Sunday, March 18, 2012

JH Candy Drawings

My JH students are a challenge.  And yet they definitely have their moments as my favorites...if I had to choose.  Being a K-12 art teacher, I get to see them all big and little.  Those in the middle are just interesting.  Mostly due to their trying to fit in and be cool, their hormones, and attitude.  I have to say I am pretty pleased with some of my students who have stepped up to the plate.  Being with the same students for 2 years now, I see growth and maturity in a lot of my students both artistically and in general.
My idea for this project came to me rather quickly and then exploded into this HUGE and FUN project for my 7th and 8th graders.  I took a trip to the grocery store and bought these:

I have 12 students in my JH class so I bought 1 type of candy per student.  I tried to be cheap, but also choose popular items that my students would enjoy creatively and as a snack too :)

I presented this display of candy to my students with the candy on a cart all covered up with a tablecloth.  I kept calling the candy "items".  I told the students that they would choose their item in order from oldest student to youngest student.  They had to figure out the order as a bell work activity at the beginning of the hour.  The oldest would be able to choose from 12 items, and each student would remove one item so there were fewer each time.  The youngest who went last, would not have a choice but would get whatever item was left. 
I moved the cart to the hallway and had students come out 1 at a time in their order to select their item.  They then remained in the hallway until all students had their item.  They had no idea it would be candy and boy were they excited!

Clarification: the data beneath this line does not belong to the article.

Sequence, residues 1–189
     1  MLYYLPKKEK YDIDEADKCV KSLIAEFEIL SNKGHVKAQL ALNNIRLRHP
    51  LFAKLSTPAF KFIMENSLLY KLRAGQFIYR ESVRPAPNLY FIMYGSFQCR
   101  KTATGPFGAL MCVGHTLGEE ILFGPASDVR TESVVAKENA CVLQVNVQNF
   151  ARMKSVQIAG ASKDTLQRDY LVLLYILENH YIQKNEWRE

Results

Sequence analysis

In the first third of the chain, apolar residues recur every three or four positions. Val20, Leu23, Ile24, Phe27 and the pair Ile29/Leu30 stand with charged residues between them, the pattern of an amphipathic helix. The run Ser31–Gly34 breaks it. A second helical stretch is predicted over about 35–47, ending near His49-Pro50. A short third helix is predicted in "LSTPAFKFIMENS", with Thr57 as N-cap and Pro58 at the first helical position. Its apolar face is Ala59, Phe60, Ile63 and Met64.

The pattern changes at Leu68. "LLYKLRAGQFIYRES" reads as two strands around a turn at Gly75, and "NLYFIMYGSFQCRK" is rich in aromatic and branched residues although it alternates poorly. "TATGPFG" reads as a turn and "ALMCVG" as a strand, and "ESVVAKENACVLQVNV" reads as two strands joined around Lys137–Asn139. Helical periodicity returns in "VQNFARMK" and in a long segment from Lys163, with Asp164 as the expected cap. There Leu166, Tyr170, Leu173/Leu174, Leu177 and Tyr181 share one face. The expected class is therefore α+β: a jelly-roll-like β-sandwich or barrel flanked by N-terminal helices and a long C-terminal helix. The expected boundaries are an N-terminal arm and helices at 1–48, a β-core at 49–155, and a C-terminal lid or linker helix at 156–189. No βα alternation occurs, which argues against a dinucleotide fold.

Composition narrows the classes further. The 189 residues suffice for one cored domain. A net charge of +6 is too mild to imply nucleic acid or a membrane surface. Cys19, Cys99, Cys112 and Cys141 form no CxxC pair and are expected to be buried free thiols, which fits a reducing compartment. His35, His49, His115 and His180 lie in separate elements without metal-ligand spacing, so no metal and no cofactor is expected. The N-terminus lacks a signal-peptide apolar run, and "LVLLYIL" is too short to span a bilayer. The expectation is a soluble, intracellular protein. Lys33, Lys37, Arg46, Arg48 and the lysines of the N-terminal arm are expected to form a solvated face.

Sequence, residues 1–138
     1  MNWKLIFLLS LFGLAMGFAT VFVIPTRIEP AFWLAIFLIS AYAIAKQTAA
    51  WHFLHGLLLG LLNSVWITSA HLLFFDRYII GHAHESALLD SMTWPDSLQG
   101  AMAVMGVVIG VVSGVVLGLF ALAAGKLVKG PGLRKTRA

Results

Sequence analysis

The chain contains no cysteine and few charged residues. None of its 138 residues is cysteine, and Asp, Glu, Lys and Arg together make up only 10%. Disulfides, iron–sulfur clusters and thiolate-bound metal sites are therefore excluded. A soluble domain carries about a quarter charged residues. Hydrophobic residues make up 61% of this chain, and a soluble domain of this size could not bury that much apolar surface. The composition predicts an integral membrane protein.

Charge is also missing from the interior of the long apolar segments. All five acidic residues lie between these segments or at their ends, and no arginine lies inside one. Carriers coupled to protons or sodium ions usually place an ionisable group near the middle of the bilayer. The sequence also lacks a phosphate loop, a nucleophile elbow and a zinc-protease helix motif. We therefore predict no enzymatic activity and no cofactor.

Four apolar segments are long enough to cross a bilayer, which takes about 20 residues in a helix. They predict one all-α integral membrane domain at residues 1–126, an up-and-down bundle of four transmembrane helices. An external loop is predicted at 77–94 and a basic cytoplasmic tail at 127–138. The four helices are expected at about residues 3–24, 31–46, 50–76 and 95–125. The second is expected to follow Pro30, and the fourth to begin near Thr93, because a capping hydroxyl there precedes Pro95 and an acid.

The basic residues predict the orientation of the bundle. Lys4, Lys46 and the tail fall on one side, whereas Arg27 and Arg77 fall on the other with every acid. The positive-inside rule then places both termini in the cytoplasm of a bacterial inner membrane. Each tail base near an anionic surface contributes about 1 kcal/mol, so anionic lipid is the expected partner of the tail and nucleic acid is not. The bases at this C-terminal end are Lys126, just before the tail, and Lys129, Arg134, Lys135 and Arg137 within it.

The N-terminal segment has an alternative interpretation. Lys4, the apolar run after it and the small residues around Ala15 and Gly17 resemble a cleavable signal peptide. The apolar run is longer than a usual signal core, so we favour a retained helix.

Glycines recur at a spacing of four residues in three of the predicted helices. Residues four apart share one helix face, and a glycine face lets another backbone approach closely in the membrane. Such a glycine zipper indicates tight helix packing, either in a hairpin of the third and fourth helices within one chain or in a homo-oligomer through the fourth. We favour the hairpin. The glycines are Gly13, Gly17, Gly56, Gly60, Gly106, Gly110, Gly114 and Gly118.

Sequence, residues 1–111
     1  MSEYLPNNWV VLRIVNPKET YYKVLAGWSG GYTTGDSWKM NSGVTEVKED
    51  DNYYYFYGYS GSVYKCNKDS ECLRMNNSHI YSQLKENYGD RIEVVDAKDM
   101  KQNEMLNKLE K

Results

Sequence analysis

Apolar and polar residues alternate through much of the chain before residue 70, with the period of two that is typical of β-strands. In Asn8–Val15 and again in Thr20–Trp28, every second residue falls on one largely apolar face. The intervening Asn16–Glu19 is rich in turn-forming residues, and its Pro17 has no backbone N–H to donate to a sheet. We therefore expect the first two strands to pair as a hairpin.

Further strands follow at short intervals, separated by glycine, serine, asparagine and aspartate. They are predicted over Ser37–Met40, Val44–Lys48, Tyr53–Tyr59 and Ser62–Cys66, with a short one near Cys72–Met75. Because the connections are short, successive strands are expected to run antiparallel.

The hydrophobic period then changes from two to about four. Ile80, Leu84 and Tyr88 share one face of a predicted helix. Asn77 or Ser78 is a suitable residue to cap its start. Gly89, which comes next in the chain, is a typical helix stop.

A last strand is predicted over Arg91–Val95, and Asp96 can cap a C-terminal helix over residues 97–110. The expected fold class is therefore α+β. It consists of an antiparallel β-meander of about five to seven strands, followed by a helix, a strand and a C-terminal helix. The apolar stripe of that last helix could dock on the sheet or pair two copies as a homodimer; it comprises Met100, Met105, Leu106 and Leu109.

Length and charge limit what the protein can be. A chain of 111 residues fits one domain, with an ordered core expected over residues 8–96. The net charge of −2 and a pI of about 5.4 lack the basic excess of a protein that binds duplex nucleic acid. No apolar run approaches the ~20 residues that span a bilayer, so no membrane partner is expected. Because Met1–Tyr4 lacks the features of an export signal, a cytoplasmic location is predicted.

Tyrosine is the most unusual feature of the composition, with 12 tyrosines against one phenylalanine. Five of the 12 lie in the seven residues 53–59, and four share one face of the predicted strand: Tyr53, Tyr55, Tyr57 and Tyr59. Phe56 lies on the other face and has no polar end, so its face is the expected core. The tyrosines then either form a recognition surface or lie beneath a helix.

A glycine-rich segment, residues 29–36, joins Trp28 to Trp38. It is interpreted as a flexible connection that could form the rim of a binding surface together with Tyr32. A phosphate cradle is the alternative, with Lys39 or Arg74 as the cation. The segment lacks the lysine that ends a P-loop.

I was very direct and specific with my directions, telling my students that if they worked hard and did what I asked that after a few days they would get to eat their candy during class.

After our candies were selected, we talked about how they could use some or all of their candy, could open it, break it, use the wrapper, etc.  The sky was the limit.  They setup their candy "still life" on a plate the way they wanted it and then they took a photograph of their composition.  As each student was setting theirs up, I walked around and discussed opportunity for colors, textures, and arranging their candy in an interesting way. 
Students then worked from their photograph grid style and also kept their plates set up to work  from real life as well.

I had my students add color using oil pastels, and we did them really big on 18x24 paper.  I liked having them use oil pastels because colored pencil would have taken a long time on such a large scale and with all of the color mixing and shading thought paint wouldn't turn out as well.

I am impressed with the results and ideas that my students came up with and although there will always be some better than others, they were all pretty good.

1 comment:

  1. I've used candy before for a 7th grade lesson. They brought in the empty wrappers after Halloween. They graphed the wrappers and painted them. Then we stuffed them up and made them into giant pop art pieces - HUGE candy! It was a long time ago, but each one was amazing. The kids loved working with the candy wrappers.

    My favorite of yours is the Kit Kat - I like the composition/cropping/design.